A rebrand’s roster can become quite massive, but it’s vital to stay deliberate and organized. “Think the project through end to end: your ambitions, your KPIs and goals, where you want to go, what the risks are along the way and how to manage them. Then you can figure out which resources to put where,” Peter noted.
3. Leverage technology and automation to support your brand.
A successful implementation depends on having the right technology to manage critical operational aspects. “A workflow platform and digital asset management (DAM) platform are simply the cost of entry to support brand change done right,” Philip said. “To track assets and timelines, you also need an excellent project management system that can be used by internal stakeholders, vendors, and executives and that has dashboard capabilities for effective reporting.” With so many choices available for software, the right platforms are the ones that fit the needs and goals established during the planning phase.
Peter agreed. “A DAM is your license to play from a technology standpoint. This is the best place to warehouse assets and guidelines, and it supports collaboration between your agencies and internal creatives. He noted, however, the importance of going beyond the DAM technologies. Brands should consider leveraging technologies that automate brand change implementation in employees’ day-to-day work. “To drive the highest adoptions, brand owners should think about ‘pushing’ the brand to end users’ existing workflows, rather than asking them to disrupt their flow. Any place employees are asked to visit should be a captivating experience platform, a place for learning and education, and a place where you can socialize your brand vision.”
“Document generation platforms like Templafy can fill a big role because many employees spend a lot of time building business docs and writing emails,” Christian added. “In fact, recent research we conducted uncovered that employees spend 15 hours a week building content – which is nearly two full business days.” Having something to build these items out quickly helps make it easier to maintain brand quality, extending brand reach. “Controlling how the brand is perceived every time a piece of content leaves your organization is a strong way of getting a lot of impressions.”
Other tools, like communication platforms for top-down and bottom-up communication, can make onboarding and education easier. But the real advantage of technology? Automation.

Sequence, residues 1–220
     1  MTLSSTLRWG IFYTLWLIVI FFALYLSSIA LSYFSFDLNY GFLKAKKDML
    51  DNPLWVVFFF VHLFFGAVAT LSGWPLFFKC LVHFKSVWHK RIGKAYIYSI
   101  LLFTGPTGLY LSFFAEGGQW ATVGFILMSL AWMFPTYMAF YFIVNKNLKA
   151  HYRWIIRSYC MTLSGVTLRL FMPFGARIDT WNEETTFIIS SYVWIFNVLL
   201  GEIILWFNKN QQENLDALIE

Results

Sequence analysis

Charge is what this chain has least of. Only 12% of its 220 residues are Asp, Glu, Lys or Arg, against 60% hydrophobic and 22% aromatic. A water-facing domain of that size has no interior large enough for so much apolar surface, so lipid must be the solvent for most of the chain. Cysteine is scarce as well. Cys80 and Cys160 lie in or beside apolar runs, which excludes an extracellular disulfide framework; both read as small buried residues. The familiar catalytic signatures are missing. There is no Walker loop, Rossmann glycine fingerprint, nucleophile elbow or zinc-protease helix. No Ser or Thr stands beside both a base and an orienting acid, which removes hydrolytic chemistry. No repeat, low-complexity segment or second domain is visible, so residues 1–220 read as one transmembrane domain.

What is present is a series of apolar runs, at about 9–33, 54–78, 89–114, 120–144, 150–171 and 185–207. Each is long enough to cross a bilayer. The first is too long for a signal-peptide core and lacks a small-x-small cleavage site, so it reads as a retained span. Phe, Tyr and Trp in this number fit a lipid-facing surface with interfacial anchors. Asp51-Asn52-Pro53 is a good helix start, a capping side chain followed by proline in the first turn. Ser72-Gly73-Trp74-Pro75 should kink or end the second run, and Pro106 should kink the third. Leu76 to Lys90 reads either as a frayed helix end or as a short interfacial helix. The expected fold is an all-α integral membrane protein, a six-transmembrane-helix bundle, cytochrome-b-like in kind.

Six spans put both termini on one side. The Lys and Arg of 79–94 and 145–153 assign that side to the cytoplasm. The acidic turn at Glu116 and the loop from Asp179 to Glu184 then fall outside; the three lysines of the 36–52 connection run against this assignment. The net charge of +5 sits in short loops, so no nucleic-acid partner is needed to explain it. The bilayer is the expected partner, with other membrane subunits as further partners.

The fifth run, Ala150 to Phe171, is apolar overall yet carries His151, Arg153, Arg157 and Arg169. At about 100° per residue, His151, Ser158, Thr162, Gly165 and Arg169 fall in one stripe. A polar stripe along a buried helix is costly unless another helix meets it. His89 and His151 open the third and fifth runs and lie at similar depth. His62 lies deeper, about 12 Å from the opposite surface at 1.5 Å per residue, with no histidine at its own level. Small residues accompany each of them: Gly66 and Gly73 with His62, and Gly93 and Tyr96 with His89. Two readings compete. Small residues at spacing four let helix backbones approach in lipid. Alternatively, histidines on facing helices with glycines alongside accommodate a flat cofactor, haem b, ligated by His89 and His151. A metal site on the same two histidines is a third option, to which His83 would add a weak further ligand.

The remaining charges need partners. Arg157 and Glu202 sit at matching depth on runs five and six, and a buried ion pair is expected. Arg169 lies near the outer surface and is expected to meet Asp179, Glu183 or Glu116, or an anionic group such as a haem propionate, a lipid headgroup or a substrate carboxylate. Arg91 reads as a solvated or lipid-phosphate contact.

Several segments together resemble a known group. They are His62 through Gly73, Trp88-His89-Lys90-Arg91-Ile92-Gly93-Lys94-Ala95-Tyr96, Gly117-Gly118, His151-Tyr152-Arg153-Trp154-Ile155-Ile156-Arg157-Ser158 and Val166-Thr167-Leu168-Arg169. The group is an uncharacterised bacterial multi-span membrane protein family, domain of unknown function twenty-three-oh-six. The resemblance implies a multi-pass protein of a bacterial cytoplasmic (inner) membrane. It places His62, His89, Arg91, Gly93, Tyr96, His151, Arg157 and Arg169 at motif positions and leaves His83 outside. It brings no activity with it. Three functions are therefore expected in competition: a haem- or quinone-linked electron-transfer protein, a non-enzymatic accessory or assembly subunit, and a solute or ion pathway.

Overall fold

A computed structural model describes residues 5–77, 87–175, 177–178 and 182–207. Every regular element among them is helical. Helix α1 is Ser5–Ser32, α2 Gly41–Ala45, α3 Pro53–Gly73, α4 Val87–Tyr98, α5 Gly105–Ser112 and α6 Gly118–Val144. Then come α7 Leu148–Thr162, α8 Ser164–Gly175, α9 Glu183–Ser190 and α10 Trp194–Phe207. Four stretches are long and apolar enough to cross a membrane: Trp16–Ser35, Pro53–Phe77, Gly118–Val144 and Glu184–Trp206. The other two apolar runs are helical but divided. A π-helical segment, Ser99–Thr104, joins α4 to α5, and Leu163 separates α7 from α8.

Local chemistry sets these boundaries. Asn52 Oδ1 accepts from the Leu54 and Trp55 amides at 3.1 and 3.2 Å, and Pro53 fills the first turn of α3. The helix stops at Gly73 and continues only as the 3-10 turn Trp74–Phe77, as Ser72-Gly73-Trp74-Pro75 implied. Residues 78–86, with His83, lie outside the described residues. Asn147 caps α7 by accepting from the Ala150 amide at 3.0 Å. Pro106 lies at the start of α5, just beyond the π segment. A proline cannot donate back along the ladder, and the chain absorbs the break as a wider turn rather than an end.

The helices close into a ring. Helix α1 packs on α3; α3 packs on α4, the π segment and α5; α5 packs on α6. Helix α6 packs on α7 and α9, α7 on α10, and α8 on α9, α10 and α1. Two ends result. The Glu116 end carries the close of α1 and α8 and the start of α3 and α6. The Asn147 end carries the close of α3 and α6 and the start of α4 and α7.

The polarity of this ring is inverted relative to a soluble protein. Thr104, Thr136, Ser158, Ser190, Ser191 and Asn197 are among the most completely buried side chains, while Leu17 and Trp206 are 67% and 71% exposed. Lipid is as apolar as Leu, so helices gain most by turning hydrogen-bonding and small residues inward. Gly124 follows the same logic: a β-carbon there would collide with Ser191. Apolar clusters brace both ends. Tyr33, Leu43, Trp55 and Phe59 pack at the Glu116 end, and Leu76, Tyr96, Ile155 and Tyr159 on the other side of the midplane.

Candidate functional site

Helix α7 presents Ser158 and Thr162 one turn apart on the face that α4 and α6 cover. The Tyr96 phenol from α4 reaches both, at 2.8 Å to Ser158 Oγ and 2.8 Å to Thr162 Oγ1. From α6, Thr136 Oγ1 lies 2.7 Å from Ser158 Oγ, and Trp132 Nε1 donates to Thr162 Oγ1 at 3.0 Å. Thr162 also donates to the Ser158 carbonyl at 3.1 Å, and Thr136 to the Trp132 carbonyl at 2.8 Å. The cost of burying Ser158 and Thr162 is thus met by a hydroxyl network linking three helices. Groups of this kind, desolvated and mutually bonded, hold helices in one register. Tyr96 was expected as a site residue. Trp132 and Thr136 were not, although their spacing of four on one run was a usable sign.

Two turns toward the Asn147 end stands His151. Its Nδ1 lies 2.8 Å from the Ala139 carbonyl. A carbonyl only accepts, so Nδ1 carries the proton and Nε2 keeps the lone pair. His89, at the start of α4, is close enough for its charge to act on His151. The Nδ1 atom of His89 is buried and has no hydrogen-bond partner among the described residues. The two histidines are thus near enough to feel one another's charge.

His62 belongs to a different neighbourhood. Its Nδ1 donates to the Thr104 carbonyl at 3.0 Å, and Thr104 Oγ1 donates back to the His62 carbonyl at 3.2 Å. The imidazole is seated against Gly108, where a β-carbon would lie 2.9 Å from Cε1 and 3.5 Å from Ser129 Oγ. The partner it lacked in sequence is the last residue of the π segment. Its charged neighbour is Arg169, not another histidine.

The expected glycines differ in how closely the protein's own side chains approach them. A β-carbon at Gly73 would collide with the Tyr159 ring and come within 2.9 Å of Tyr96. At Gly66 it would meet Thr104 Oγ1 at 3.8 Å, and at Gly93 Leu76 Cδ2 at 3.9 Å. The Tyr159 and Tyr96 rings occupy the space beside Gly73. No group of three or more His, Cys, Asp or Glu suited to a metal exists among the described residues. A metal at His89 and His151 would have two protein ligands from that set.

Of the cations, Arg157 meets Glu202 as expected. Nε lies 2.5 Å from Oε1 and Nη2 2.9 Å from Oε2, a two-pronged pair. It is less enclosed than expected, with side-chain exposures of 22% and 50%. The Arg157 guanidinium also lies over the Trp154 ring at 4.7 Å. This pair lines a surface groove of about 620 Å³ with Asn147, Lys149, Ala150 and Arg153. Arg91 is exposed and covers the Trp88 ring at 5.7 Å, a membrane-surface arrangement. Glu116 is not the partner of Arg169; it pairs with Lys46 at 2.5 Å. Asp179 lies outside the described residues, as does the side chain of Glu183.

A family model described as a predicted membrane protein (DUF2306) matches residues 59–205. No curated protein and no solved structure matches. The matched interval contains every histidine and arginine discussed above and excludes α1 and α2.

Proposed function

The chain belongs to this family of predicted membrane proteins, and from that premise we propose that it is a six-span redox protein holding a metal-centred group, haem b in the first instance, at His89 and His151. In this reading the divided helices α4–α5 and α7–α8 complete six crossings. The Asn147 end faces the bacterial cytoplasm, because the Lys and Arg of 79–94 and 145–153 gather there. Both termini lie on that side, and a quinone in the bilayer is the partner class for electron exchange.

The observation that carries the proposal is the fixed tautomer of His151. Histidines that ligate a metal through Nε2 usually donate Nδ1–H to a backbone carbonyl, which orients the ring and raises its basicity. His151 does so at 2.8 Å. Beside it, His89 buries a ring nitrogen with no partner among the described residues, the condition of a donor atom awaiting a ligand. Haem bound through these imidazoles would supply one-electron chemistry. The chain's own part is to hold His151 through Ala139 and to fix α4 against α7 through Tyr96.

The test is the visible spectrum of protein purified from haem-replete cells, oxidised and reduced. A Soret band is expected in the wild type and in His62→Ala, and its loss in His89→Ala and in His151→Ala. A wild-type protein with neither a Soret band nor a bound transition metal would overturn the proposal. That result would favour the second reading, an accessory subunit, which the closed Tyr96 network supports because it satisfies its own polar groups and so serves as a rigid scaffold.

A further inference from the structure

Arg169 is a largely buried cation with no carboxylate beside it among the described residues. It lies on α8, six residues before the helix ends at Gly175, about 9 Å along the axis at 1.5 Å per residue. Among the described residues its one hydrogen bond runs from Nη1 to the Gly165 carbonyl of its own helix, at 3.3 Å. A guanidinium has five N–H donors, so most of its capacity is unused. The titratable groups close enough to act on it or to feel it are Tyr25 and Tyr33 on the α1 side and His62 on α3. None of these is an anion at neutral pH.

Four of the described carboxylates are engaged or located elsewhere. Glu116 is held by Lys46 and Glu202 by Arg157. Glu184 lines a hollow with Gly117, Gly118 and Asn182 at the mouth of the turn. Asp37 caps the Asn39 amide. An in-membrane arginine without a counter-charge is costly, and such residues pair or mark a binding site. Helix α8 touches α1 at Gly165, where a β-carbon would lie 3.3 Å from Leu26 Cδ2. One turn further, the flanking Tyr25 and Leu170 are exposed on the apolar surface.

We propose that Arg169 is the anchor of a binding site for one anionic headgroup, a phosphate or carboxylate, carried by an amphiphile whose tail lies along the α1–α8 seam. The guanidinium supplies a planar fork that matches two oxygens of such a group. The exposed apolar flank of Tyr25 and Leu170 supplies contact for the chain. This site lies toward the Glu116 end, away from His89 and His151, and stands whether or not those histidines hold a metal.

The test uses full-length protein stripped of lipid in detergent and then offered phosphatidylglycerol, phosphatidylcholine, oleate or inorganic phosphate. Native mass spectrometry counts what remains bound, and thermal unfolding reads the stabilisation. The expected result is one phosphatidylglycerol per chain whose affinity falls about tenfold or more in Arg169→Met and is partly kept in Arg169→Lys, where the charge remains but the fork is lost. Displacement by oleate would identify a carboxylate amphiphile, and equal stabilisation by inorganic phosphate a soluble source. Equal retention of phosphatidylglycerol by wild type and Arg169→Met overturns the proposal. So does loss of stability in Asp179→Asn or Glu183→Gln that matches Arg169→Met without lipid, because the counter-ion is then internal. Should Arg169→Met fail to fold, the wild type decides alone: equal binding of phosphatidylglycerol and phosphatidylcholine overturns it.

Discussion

“Automate as much as possible,” Christian advised. “Things like ensuring you have the right logo, the right font and the right messaging—there is no need to place the burden on individuals to do these things when they’re simple to automate. This leaves less room for error and increases efficiency across the board.”
4. Make it easy to stay on-brand by designing least-effort processes.
Least-effort processes operate on the principle that people will naturally choose the path of least resistance. Complex workflows and bloated technology stacks lead to low adoption rates and great risk to brand consistency.
A recent Templafy survey of over 2,000 full-time employees at enterprise-level companies revealed that “40% of respondents don’t have time to access the latest brand guidelines, and 30% of respondents don’t even know how to,” remarked Peter. “Don’t make the brand something employees have to study—that’s setting them up for failure.” The solution is to bring the proverbial mountain to the people, allowing content to find and engage them where they are. “Create instances of micro-learning. Having the logo and colors right there every time someone opens a Word document helps them become acclimatized to the brand.”
“When you make the brand cumbersome to get to, you risk inconsistency and threaten adoption,” Christian added, remarking that the brand might be the company’s primary concern, but not necessarily the concern of the average employee. “People want to get their work done. It’s not that they don’t want to use the brand; they just don’t want it to get in the way of their work. Embed the brand into the workflow, so it can be executed correctly without demanding too much thought. It has to be the easiest path.”
Philip agreed. “There are systemized ways to help people create the things they need in a way that’s still on brand.” He also noted that some brand applications, like product naming or one-off instances, might require additional guidance from Marketing. “Having a help desk function where it’s easy to request approval from centralized Marketing can help maintain creative freedom within a framework.”
”People can only retain so much information,” Christian concluded. “They don’t need to know every detail, especially if brand isn’t their day-to-day job. Instead, nudge them in the right direction and prioritize what they need to know—chances are, it’s not the technical design details, but the story behind the brand.”